That judgment is informed by field research in several industries and sectors including insurance, health care, driverless vehicles, logistics and warehouses, advanced manufacturing, and small and medium-size manufacturers.

    For self-driving cars and trucks, the M.I.T. researchers concluded that widespread use was still a decade or more away. In warehouses, Amazon has made great strides with automated conveyance systems and some robotics, but its warehouses run on human labor, and will for years.

    Despite advances, robots simply don’t have the flexibility and dexterity of human workers. Today’s robots learn from data and repetition. They can be remarkably adept at a certain task, but only that one. The report cited a fine-tuned gripping robot that could pluck a glazed doughnut and carefully place it in a box, with its shiny glaze undisturbed.

    “But that gripper only works on doughnuts,” the report said. “It can’t pick up a clump of asparagus or a car tire.”

    The cost and operational expertise required will also slow the widespread adoption of robots. A research team surveyed dozens of small and medium-size manufacturers in Massachusetts, Ohio and Arizona, and found “very few robots anywhere.” (Small and medium-size companies, with fewer than 500 workers, account for 98 percent of the nation’s manufacturing firms and 43 percent of manufacturing employment.)

    Worker training in America needs to match the market….


  10. ltr

    Thinking from the MIT work study, back; before the recession, Amazon was looking among cities for another headquarters and New York City was chosen by the company for the geography along with a tax incentive.  Thousands of select and routine but importantly stable jobs would have been created by Amazon in New York City.  However, there was general union-centered opposition to Amazon and concern about the tax breaks offered and local political figures such as Alexandra Ocasio-Cortez successfully fought against gaining the Amazon headquarters.  Paul Krugman as well decided Amazon did not matter to New York.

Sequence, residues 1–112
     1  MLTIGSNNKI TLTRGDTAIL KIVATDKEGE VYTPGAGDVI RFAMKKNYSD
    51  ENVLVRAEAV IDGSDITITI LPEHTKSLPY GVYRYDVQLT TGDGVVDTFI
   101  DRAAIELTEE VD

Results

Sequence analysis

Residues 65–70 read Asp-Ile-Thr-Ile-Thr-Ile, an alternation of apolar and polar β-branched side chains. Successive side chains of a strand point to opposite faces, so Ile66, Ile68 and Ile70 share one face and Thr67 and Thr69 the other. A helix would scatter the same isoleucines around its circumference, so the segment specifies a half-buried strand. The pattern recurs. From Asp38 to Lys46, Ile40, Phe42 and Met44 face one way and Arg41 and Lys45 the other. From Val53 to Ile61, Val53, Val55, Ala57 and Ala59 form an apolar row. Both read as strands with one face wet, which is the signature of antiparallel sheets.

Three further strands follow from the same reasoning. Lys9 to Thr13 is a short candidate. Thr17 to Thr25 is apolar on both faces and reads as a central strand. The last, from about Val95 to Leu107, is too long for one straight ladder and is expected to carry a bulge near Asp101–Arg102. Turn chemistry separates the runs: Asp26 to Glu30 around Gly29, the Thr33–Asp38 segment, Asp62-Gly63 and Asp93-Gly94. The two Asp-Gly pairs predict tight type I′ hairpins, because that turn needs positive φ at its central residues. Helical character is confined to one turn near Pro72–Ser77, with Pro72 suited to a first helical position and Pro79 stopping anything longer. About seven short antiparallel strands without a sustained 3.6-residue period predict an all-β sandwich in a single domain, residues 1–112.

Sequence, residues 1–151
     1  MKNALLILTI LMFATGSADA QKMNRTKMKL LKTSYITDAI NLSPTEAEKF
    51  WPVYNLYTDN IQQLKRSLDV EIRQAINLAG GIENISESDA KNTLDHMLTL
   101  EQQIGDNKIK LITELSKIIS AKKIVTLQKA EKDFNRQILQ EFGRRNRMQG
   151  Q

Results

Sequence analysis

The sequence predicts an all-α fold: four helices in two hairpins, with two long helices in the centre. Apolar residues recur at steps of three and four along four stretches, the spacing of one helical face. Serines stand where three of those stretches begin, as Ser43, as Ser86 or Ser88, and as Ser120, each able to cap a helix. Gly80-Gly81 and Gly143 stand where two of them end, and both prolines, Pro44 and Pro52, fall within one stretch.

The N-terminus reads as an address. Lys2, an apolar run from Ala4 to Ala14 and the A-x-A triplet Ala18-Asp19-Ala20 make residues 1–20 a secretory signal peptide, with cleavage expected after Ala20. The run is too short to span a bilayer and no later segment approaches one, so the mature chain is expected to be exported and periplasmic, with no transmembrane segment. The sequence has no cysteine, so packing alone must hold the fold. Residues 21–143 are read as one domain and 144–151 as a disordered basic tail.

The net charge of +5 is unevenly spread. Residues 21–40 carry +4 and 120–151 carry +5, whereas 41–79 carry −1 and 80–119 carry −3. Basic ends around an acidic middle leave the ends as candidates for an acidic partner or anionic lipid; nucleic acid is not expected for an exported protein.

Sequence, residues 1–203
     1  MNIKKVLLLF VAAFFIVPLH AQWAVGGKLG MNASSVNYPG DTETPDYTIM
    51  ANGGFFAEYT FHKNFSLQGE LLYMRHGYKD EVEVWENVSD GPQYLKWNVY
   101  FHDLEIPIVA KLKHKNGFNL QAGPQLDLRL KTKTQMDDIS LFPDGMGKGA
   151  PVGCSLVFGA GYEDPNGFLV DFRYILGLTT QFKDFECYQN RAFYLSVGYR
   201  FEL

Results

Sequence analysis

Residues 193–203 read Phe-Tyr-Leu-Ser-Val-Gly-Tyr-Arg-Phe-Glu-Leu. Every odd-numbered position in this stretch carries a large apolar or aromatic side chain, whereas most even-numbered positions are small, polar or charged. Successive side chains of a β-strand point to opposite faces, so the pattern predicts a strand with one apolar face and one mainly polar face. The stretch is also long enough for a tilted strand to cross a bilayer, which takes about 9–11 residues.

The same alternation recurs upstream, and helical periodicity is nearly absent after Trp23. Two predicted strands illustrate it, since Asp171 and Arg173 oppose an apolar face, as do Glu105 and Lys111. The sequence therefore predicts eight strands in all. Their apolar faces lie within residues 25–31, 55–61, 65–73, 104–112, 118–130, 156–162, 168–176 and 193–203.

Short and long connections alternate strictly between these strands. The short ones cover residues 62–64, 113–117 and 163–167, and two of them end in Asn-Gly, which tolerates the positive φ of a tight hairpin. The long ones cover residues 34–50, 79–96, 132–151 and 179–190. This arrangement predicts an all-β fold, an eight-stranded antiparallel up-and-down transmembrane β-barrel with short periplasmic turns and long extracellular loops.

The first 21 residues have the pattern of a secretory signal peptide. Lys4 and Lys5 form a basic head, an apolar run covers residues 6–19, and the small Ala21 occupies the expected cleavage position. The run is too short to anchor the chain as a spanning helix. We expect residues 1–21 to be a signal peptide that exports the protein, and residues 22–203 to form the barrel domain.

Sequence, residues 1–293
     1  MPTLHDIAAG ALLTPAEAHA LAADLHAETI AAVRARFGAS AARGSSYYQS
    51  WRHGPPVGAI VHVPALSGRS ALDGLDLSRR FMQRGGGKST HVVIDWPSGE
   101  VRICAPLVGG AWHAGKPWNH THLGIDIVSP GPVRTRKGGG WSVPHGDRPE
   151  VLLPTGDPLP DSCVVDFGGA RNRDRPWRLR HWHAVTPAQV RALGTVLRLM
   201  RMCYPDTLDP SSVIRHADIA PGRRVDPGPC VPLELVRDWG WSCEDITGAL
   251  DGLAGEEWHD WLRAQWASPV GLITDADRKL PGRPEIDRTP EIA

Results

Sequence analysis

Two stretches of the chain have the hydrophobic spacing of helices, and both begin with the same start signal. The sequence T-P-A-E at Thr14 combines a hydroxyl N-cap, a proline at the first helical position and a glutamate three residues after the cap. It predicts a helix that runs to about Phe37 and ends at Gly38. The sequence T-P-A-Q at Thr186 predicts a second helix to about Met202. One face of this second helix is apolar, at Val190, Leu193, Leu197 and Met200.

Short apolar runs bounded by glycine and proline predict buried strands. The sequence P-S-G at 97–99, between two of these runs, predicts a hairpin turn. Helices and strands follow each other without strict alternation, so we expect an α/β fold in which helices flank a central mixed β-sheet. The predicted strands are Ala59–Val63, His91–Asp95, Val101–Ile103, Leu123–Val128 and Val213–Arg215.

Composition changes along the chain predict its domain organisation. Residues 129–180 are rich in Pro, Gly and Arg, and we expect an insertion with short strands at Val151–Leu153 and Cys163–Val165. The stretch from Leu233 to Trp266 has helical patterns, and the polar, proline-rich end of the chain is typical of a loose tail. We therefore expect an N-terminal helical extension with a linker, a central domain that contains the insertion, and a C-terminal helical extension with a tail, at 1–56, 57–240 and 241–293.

The decision of Amazon not to locate in New York struck me immediately as a terrible workforce loss to the city.  Krugman and AOC were wildly mistaken. They failed to understand what Amazon was becoming. Get the company, fix perceived problems as they develop.

    1. Macroduck

      Uh, no. It is not clear Amazon was serious. It is npt clear Amazon would have been willing to fix problems. We did not have to wait for them to occur, because problems would have been immediate. Union opposition was not the only opposition. But nice try.

      1. pgl

        NYC has been attracting Google employment opportunities in lieu of Amazon’s whining for more tax breaks. Look – all of these hi tech companies are basically tax cheats. Of course Mayor Bloomberg was hoping our city would be a haven for billionaires so I guess these tax cheats feel welcome here.

    2. baffling

      maybe it would have worked out as well as the fox con debacle made by the former republican governor of wisconsin.